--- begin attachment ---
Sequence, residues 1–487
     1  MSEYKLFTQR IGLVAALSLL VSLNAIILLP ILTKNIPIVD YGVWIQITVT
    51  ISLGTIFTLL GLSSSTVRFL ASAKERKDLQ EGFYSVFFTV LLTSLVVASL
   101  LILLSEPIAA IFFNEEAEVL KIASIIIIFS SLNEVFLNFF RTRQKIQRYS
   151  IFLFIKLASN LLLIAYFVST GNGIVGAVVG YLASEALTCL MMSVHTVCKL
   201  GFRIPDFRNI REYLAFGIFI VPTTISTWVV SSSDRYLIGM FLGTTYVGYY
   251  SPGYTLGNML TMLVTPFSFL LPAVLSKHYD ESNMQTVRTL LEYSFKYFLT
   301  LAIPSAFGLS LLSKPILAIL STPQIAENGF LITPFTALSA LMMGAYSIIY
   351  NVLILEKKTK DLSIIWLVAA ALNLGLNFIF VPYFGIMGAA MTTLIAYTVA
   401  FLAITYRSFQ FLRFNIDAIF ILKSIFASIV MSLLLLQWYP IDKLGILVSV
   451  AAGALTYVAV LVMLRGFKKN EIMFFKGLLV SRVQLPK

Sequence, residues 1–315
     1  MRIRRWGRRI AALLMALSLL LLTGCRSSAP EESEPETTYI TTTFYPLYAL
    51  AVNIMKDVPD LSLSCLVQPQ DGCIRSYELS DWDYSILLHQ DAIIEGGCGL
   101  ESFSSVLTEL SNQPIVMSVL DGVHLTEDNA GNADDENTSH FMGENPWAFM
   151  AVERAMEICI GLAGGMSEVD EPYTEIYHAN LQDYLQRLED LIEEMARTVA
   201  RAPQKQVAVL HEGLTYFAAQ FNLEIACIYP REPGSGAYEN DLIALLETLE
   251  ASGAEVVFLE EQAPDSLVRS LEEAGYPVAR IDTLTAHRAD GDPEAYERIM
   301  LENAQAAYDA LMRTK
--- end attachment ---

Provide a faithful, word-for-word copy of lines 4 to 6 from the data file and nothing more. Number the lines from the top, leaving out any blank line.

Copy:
   101  LILLSEPIAA IFFNEEAEVL KIASIIIIFS SLNEVFLNFF RTRQKIQRYS
   151  IFLFIKLASN LLLIAYFVST GNGIVGAVVG YLASEALTCL MMSVHTVCKL
   201  GFRIPDFRNI REYLAFGIFI VPTTISTWVV SSSDRYLIGM FLGTTYVGYY